The International Maritime Organization is to review legislation underpinning sea rescues by commercial shipping as a “matter of priority” in the light of mass rescues of migrants and refugees being conducted in the Mediterranean Sea.
At the 102nd meeting of the Legal Committee this week, a report on the UN inter-agency meeting held at the IMO in March was submitted. It found that new safety issues are raised by large-scale rescues. The report said: “Search and rescue systems maintained by the shipping community [are] not designed for rescuing hundreds of thousands of people drifting on small, unseaworthy boats left in shipping lanes.”
Between now and the next Legal Committee meeting in June 2016, Malta and Italy, supported by Denmark, will co-ordinate a discussion group, likely to be an “email type group”, which will run until – and be discussed at – the next session of the Committee (LEG 103), the IMO secretariat told IHS Maritime.
An IMO spokesperson said: “The idea is to provide a forum to discuss some of the issues raised by delegations to LEG 102. As this is the Legal Committee, they might focus on legal aspects, such as the current legal regime, for example, SOLAS and SAR.”
The report called for “urgent action” on the “complex issue of mixed migration by sea” , for “gaps” to be identified and addressed, and for a review of the relevant international legal regime by the Legal Committee, the Maritime Safety Committee (MSC), the Facilitation Committee, and the Council.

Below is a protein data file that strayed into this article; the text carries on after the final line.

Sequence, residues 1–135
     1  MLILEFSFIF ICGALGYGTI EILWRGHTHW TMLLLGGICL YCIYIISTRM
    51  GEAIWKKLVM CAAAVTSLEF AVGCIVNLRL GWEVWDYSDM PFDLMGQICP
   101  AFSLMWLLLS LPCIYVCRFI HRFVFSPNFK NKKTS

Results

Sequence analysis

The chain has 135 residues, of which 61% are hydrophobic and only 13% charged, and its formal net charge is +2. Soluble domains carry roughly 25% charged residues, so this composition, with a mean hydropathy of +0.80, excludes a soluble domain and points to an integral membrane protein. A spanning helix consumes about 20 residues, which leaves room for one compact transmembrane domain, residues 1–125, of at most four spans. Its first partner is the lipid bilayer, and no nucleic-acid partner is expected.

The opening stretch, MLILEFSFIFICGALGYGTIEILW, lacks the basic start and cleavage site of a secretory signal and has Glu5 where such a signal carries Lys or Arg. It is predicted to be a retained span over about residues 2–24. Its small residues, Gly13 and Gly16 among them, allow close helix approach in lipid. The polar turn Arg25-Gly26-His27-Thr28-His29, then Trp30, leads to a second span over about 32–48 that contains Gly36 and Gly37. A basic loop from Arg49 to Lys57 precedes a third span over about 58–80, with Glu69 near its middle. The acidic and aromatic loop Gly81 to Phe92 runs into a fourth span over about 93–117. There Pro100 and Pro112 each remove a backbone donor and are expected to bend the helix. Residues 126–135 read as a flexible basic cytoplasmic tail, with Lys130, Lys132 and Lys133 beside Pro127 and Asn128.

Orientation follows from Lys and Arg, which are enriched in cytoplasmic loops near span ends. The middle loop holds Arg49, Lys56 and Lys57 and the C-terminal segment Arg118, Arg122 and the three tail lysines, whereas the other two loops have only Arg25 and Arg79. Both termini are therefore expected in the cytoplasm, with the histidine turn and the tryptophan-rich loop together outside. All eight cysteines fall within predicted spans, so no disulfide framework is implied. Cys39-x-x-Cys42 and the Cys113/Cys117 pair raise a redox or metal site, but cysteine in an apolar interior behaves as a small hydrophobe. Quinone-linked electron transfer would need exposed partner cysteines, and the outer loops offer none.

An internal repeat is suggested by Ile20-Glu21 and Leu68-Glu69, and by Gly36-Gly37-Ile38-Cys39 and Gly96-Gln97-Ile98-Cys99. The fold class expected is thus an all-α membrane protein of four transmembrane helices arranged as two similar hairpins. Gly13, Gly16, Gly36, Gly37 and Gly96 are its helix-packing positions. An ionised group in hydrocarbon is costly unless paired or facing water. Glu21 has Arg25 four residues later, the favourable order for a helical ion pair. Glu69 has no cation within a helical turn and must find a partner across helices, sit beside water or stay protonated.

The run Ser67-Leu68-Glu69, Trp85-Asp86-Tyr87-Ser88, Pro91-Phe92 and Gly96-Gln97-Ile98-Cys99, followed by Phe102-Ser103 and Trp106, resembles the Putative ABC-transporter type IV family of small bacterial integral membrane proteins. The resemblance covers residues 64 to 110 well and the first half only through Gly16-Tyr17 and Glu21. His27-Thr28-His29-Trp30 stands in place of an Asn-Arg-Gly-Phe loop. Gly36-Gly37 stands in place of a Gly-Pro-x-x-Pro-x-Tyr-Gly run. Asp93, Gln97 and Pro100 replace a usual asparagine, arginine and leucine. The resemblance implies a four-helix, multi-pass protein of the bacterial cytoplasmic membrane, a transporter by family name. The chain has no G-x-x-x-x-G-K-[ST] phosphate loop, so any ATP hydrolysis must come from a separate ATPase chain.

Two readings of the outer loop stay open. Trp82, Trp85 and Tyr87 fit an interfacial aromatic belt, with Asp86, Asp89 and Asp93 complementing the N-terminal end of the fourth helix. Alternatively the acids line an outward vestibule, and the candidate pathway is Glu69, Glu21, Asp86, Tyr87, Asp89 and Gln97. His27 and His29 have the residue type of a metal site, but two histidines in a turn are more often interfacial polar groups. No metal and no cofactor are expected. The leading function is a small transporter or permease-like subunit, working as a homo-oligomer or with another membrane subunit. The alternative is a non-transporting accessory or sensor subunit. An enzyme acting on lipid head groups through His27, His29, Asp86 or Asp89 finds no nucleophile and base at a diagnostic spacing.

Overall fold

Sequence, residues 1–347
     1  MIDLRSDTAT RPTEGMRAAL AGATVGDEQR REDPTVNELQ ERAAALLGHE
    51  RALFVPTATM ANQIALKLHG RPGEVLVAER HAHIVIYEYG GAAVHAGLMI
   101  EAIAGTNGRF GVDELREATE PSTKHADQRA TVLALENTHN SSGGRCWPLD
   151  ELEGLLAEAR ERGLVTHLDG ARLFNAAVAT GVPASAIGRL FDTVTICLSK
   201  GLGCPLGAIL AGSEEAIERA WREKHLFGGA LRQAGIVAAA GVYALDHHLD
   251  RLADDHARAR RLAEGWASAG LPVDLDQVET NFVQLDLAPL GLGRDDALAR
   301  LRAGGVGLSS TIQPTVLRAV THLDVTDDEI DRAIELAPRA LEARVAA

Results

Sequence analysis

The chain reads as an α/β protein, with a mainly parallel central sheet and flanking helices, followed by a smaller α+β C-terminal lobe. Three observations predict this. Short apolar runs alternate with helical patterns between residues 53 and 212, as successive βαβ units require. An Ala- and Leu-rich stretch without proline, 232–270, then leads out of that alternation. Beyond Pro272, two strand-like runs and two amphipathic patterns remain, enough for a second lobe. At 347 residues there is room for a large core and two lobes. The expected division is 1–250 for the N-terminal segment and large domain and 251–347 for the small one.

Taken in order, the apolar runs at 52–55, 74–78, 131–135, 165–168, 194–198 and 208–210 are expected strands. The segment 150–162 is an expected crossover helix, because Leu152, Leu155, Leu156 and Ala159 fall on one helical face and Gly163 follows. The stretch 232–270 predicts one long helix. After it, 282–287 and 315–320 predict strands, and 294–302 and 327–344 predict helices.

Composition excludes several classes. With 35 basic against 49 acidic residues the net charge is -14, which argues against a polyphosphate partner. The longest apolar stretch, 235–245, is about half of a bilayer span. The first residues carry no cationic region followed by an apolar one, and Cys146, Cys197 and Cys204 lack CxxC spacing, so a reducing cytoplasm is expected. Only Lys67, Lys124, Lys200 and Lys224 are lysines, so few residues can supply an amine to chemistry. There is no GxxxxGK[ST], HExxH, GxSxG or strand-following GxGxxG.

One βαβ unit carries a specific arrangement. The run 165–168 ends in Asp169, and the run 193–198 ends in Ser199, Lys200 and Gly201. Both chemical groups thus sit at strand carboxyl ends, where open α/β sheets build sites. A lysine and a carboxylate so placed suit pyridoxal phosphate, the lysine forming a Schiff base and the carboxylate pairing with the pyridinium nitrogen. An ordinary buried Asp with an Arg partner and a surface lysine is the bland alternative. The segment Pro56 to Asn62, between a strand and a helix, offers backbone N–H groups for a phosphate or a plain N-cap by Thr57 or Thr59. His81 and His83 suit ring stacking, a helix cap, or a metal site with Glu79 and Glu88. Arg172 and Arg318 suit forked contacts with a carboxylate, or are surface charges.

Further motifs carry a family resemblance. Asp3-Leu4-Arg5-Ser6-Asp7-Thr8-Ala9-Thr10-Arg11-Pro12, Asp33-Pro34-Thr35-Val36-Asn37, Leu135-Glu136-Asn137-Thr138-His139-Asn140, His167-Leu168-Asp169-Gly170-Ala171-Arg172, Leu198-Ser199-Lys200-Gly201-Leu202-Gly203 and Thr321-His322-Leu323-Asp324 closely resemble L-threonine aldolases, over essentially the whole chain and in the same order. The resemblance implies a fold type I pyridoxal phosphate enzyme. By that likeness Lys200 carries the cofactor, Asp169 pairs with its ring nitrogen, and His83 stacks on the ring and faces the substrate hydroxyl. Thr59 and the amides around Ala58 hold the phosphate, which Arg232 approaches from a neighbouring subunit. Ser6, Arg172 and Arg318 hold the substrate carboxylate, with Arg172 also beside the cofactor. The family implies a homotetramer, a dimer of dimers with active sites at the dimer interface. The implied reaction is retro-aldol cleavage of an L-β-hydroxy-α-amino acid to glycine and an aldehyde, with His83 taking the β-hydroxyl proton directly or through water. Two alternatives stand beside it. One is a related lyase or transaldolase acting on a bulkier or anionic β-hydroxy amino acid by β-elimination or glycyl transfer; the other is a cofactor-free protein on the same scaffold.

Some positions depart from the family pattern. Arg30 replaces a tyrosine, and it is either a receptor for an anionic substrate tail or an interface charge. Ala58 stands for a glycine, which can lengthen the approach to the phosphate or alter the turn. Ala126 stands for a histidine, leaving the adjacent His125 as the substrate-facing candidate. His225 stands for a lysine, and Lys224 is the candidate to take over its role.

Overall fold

In his closing speech to the Legal Committee, IMO secretary-general Koji Sekimizu said “the situation in the Mediterranean regarding the number of people in desperate need of rescue at sea is unprecedented in modern times and the principles and provisions of the SAR Convention were never designed for this kind of mass rescue operation. Member States agreeing to coordinate such intersessional work is not only timely but also most urgent.”
He confirmed that the matter will be discussed at the MSC and also at Council. He said: “I hope that Council will wrap up the discussion on the way forward in order for this Organization to take action to deal with this matter and potentially present the outcome to the Assembly.
“A way forward depends on the actual rescue operations and how international shipping will be involved but we will monitor the action to be taken by Member States, in particular European Member States.”
Speaking to IHS Maritime, Jason Zuidama of the North American Maritime Ministry Association said that the shipping community was exasperated with the current situation. He said that the perception of the shipping industry is that the “beautiful tradition” of ships coming to the aid of a distressed vessel is being abused by people smugglers, who, he said, are using ship tracking technology to target ‘rescue’ ships for their people cargoes.
He said that the safety of crews and ships participating in mass rescues is under threat. Raising the issue of fatigue, he said that crews involved in large scale rescues are unable to rest properly, posing a health and safety risk to themselves and the ship. During mass rescues, seafarers lose out on sleep as they have to stand guard over the rescued people, as well as tend to them.
He asked: “What kind of reward or recognition are the seafarers getting for this? Are they getting bonuses? Right now, they seem only to be ‘getting’ exhaustion.”
Zuidama said that a review of the legislation would be welcome but raised the question of what the implications of a change would be for the rescue of ships carrying large numbers of people, such as ferries or cruise ships.